A Viable Architecture for the Integration of a Recommender System and Mobile Solution for the Management of HIV/AIDS
Background and Purpose: Mobile devices are a common sight everywhere in the world with attendant phenomenal growth in various ways. As a result of their mobility, there has been an increase in penetration among different cadres of people regardless of their social or economic status in the society, thus bringing about changes in the ways businesses are done in commerce, economic and health sectors. Recommender systems in medical and healthcare context are emerging significantly with attendant positive impacts on the speed and accuracy of diagnosis. A few successful implementation of such recommender systems alongside few with good results have been highlighted in literature. However, HIV/AIDS have also become endemic in most developing countries with victims being afraid to openly seek medical care because of stigmatization. As a result of mobility and a degree of privacy that mobile devices ensure combined with the ability of recommender systems, interactive solution is desirably helpful in providing care for infected individuals, who especially are reluctant to seek medical care due to stigma. survey conducted on the potential of mobile phones for counselling HIV/AIDS patients shows over 80% comfortable discussing health issues (including HIV status) via mobile phone before face-to-face contact. This is an indication that mobile devices have the ability to play a vital role in HIV/AIDS patients’ management. A further analysis of the survey revealed key attributes of a desirable architecture and these have served as a basis for developing the architecture presented in this paper.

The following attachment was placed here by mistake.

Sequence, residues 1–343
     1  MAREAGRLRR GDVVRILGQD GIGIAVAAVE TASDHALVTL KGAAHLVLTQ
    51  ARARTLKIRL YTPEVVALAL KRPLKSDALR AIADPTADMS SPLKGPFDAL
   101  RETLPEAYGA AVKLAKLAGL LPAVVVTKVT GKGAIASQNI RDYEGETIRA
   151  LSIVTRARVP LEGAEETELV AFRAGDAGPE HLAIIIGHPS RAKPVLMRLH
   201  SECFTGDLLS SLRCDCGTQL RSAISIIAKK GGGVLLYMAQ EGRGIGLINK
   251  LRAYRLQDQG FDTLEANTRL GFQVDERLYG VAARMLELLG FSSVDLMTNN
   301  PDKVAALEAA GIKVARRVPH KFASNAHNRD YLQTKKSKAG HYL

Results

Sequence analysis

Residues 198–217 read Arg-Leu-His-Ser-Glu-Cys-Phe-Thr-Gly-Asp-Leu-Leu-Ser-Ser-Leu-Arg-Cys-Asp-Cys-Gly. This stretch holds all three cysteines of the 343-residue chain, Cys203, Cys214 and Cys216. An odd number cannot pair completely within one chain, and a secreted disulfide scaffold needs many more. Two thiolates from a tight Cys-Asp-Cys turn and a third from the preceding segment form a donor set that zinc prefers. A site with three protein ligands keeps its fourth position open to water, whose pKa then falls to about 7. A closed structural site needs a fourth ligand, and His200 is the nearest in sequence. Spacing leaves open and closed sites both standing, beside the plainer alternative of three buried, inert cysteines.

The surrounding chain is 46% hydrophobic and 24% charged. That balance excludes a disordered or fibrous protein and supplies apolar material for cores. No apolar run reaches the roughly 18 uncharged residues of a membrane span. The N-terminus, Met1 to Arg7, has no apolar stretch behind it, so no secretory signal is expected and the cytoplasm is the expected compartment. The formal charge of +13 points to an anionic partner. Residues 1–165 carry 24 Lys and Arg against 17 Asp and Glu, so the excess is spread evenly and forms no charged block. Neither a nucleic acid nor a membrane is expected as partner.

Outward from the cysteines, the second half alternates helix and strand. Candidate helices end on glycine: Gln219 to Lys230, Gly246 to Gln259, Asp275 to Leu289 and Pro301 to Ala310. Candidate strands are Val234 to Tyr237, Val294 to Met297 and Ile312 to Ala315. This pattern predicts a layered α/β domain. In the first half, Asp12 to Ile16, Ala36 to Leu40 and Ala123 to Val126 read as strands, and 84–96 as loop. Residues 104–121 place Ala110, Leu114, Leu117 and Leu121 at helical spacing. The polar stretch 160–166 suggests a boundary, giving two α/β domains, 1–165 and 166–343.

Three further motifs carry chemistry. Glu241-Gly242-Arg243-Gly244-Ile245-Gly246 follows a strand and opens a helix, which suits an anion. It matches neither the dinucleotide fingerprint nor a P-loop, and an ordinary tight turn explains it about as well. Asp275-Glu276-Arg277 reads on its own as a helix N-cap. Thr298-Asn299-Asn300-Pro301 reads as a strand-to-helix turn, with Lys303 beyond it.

Methods: Questionnaire was used to gather information from potential users who are drawn from the group susceptible to the malaise, 250 youth and health workers from the ages of 18-50. Respondents were drawn from students in a university in Osun State Nigeria and health workers in a nearby hospital. The result was further analyzed and key attributes were extracted with a view to identifying relevant components for the proposed architecture.
Results: survey conducted on the potential of mobile phones for counselling HIV/AIDS patients shows over 80% comfortable discussing health issues (including HIV status) via mobile phone before face-to-face contact A further analysis of the survey revealed key attributes of a desirable architecture and these have served as a basis for developing the architecture presented in this paper.
Conclusions: It can be seen from the result of the survey, its further analysis and the presented architecture that mobile devices have a role to play in the management of HIV/AIDS, and is more effective when integrated with dynamic recommender systems.